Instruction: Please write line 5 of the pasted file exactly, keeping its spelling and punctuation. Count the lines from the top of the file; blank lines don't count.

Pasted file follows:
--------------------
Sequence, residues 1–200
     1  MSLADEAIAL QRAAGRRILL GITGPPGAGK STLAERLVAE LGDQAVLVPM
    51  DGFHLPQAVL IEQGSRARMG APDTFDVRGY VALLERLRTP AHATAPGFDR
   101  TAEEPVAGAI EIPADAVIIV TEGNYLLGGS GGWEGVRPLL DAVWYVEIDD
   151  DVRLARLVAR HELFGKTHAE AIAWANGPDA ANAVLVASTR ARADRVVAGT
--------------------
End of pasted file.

   151  DVRLARLVAR HELFGKTHAE AIAWANGPDA ANAVLVASTR ARADRVVAGT